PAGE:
How to Overcome Your Candidates’ Fears & Getting Them to Yes.

admin Good HR, Interviewing, Making Offers, RJ Morris

A business partner once told me, “Where there is uncertainty, there is profit.”  The lesson was that clients value you for solving their fear issues or providing clarity to their uncertainty.  And these days, talent acquisition pros need to work extra hard to overcome candidate fears about making career moves. For context, Liz Ryan’s article Ten Signs of a Fear-Based Workplace from Bloomberg BusinessWeek laid out some signs of a company that’s in a bad place:

The principal signs of a fear-soaked senior leadership are a preoccupation with looking out for No. 1, a clampdown on consensus-building conversations, and the shunning or ousting of anyone so bold or naive as to tell the truth about what he or she believes. We’ve seen the fear epidemic hit dozens of major firms over the past few years, and it isn’t pretty. When a leadership team’s attention turns from “How can we do the right thing for our customers and employees?” to “How can we keep our stature, our jobs, and the status quo intact, at any cost?” then fear officially rules the roost.

Faceoffear1  Now, imagine that a competitor’s shop has become “fear-soaked.”  A star performer working in a fearful company feels like the King’s Food Taster—every day she goes to work knowing it might be the day she gets poisoned.  If you manage it smoothly, fear can turn competitors into your feeder pools.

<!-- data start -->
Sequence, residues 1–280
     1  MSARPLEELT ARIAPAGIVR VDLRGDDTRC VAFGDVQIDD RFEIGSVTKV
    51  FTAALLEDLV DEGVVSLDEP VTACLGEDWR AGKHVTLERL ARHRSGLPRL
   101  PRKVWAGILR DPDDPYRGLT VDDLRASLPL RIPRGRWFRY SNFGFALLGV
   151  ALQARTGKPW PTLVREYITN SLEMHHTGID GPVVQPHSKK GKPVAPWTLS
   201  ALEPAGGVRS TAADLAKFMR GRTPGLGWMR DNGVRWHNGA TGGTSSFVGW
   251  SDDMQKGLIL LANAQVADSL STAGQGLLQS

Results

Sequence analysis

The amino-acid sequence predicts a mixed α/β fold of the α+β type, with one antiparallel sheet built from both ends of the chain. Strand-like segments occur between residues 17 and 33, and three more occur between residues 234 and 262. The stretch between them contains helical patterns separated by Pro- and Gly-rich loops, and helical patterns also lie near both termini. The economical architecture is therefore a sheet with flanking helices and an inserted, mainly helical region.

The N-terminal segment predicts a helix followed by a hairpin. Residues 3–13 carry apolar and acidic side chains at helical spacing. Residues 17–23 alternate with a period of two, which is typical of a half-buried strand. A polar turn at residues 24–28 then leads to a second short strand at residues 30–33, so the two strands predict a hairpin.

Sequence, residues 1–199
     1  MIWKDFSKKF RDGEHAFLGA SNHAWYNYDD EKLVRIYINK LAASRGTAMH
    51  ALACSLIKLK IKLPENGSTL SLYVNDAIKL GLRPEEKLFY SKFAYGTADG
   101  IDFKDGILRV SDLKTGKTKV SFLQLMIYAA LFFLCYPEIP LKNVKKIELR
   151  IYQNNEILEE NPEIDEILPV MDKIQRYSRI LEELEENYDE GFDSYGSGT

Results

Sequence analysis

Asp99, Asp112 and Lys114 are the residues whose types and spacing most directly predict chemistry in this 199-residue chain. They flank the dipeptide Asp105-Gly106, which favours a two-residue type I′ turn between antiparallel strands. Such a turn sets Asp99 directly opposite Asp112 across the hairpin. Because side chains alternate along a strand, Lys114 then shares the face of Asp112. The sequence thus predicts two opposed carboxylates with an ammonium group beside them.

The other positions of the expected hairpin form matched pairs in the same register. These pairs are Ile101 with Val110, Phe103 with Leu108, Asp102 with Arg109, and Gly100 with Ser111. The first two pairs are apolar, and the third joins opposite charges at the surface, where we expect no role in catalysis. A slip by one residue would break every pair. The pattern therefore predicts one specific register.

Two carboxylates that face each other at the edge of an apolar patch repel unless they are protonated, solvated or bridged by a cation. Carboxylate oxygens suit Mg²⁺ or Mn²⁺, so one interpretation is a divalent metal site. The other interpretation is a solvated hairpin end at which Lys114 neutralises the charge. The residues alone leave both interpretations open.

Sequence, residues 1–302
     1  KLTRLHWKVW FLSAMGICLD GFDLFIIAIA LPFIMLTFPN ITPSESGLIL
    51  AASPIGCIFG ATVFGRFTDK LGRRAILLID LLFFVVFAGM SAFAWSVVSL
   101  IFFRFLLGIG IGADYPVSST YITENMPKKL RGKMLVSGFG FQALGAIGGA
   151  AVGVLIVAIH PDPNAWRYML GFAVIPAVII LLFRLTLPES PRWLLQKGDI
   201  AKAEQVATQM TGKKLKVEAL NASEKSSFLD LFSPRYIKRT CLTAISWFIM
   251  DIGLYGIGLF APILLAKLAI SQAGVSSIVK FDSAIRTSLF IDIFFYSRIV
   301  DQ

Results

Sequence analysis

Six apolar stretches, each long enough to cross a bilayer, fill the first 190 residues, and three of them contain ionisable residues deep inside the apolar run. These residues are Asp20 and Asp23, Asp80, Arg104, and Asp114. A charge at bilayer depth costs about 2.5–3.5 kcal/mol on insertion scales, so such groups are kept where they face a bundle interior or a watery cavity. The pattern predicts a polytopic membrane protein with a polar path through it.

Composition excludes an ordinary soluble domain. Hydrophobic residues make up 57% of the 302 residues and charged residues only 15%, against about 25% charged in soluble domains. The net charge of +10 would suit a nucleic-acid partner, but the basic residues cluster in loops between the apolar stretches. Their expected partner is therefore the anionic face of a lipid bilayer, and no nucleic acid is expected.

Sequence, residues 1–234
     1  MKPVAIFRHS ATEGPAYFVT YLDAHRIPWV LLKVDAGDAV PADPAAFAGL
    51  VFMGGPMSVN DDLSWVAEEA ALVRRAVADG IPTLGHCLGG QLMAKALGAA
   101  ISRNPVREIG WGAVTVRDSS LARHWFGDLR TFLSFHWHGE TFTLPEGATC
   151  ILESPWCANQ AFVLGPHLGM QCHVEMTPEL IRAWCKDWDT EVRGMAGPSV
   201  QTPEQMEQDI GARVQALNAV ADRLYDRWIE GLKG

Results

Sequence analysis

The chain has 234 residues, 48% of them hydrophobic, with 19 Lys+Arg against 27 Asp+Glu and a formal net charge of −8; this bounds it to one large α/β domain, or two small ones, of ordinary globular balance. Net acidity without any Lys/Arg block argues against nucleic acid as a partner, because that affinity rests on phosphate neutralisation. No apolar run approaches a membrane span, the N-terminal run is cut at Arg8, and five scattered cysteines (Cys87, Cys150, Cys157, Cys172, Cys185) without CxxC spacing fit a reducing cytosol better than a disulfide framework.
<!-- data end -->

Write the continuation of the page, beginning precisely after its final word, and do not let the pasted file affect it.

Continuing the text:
Once you find the star who is considering her options, it’s important to acknowledge that she will come in defensive and suspicious of big promises. Remember though, you can only profit if you can take the fear away.  Joining a company that went south was a huge career staller for that star, and she knows she has to get this career decision right.  If you design the positioning of your opportunity with finesse, she’ll see your firm’s value.  As Steve Boese told us about in the The Jar-Jar Binks Theory, though, “people clinging to the status quo will undervalue the benefits of (a) proposed change…by a factor of three.”  Even though she knows she is in a loser company, she will still be gun shy.   Don’t make a lame play offering a typical interview day with random department heads and some VP’s.

So, how do you show her how she fits into your plans?  Get as specific as you can, because transparency is the best antidote to fear.

  • Show stability.  Set up meetings with senior leaders to discuss market positioning and review 3, 6, 12, and 24 month forecasts, business plans, etc.  Go as open book as your culture will tolerate.  A star will picture her role in adding value to the plans.
  • Provide proof.  “A” players want to talk to “A” players in their field.  Send your candidate to dinner with the last rock star you recruited to share the real story of being a top performer in your culture.
  • Paint the long term picture.  Arrange meetings with your tenured rock stars, and she’ll see that talent stays with you for the long haul.
  • Be genuine.  Loosen up the structure of your meetings, so the candidate does not feel like a role player in your production.  True talent will see through BS.

Regardless of the economy, good talent pros are always looking for the next impact player for their company.  If you sense that a competitor is on the ropes, find the talent that aligns well with your firm and help ease their fear.